Jeff Gordon came out on top following a Daytona 500 qualifying session that Tony Stewart described as “a complete embarrassment,” for NASCAR. The 43-year old, who will race in his final Sprint Cup season this year, put his Chevrolet SS on pole position for ‘The Great American Race’, setting himself up for success in what will be his last-ever Daytona 500.
NASCAR last year traded in its single-car qualifying format in favor of knockout group sessions. The format is intended to be more entertaining for spectators, but has led to problems at the larger superspeedways like Daytona and Talladega. On the larger tracks speed is everything, and the car in front won’t be the fastest as it cannot draft. This has led to drivers waiting on pit-road until the last minute, as they don’t want to be the first driver out.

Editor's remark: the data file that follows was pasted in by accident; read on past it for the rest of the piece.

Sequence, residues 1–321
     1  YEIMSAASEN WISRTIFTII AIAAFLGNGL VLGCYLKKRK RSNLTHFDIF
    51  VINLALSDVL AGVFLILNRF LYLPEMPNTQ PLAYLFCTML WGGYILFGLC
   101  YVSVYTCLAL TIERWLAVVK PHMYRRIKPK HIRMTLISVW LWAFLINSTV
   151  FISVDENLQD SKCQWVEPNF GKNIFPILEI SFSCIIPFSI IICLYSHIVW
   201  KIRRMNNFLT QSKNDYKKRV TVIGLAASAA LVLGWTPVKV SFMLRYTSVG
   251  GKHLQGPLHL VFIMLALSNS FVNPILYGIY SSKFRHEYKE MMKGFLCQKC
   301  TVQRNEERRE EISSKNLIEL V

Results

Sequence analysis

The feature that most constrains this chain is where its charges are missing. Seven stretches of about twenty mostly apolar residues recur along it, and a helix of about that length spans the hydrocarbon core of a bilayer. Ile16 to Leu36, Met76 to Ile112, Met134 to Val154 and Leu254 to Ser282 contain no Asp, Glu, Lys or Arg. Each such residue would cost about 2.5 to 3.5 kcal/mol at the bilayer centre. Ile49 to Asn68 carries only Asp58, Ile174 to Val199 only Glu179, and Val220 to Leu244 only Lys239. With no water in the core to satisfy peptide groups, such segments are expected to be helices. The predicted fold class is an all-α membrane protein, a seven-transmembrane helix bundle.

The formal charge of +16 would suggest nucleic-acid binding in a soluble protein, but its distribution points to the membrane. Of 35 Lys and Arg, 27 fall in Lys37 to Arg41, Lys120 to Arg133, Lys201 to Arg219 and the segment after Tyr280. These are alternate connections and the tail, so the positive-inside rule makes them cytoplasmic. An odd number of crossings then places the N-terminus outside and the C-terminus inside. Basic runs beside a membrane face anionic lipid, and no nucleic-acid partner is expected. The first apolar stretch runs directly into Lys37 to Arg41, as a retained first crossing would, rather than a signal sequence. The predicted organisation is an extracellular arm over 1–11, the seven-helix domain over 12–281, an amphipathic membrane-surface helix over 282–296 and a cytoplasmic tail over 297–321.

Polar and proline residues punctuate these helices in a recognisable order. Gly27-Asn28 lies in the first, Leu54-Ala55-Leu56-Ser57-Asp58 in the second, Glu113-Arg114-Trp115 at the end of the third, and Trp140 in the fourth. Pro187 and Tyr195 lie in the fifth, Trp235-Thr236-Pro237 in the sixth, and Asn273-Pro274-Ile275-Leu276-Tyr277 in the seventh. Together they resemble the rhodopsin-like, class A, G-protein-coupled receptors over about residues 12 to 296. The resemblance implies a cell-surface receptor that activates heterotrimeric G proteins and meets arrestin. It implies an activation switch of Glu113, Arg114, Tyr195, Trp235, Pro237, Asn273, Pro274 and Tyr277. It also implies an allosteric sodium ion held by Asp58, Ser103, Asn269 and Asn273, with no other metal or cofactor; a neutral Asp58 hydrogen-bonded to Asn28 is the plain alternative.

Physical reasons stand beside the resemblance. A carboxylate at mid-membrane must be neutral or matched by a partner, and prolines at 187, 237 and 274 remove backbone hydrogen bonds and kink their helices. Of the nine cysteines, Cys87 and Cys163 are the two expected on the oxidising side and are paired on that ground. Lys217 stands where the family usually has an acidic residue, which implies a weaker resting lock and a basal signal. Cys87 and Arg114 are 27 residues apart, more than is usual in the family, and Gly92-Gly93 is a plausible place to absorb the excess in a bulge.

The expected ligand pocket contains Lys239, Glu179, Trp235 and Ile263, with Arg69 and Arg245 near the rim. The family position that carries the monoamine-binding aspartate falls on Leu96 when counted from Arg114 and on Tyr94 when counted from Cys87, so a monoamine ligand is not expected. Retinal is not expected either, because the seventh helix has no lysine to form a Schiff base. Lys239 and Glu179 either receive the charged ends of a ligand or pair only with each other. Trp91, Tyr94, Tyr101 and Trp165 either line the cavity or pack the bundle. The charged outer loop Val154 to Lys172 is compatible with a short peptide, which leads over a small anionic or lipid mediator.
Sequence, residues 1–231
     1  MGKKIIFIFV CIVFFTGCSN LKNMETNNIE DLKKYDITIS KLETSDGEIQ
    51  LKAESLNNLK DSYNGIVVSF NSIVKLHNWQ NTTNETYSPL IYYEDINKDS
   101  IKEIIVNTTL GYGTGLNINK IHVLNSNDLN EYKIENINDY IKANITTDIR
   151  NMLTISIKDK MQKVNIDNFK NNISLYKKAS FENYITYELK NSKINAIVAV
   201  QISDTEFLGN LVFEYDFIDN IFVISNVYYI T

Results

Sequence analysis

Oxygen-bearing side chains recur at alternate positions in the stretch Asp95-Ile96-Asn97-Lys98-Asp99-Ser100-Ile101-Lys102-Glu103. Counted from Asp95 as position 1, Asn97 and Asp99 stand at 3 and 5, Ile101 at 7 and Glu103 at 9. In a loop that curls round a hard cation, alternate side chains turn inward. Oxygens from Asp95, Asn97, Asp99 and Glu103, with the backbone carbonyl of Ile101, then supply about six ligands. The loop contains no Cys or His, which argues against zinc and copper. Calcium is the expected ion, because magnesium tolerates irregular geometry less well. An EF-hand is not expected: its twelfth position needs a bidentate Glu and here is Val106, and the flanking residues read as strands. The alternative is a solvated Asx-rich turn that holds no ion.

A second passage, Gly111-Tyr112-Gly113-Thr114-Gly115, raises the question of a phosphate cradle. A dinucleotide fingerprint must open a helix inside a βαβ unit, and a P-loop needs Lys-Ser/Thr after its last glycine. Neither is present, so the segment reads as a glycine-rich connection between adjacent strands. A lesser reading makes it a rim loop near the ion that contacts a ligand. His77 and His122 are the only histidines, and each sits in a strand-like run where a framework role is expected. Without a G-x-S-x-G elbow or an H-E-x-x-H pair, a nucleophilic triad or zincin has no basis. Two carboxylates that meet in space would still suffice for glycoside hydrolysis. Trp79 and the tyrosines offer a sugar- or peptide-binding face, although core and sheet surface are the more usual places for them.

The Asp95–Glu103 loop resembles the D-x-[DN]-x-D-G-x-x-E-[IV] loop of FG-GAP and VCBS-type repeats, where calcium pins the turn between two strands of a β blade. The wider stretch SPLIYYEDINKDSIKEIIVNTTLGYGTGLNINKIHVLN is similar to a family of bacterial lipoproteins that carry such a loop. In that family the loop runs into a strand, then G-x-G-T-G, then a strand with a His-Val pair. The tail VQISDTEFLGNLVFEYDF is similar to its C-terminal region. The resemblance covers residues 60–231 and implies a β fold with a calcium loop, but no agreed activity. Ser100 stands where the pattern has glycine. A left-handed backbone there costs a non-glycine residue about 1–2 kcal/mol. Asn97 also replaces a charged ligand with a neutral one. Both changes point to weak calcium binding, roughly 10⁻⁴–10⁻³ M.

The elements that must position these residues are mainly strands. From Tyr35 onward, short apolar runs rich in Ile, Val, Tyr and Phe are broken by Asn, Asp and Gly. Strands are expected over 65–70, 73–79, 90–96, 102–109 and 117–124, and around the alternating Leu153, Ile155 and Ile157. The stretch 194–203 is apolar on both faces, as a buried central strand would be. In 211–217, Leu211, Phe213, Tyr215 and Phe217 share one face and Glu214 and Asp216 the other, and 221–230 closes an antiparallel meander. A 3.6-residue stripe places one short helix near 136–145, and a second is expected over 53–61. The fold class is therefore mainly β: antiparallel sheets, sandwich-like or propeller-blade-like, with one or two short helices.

“This format is crazy and chaotic,” Gordon told ESPN. “It can be extremely rewarding when you have a day like we had.”
A five-car accident in the first qualifying session forced many drivers to publicly vent their frustrations in regards to the format. Clint Bowyer sarcastically described the format as a “cute show”, while Ryan Newman said every driver he talks to “doesn’t understand why we’re doing this.”
The 12 drivers which made it into the final qualifying round, including Gordon, weren’t complaining about the format, however. Gordon expressed excitement about starting his “final Daytona 500, final full season, on the pole,” saying the starting position is “pretty important” to him.
It won’t be all smooth sailing for Gordon though. A Daytona 500 pole winner hasn’t won the race since Dale Jarrett in 2000 and since then, only one of the 14 pole winners has even managed to finish in the Top 5. Despite this, Gordon will be searching for victory when the green flag waves on February 22.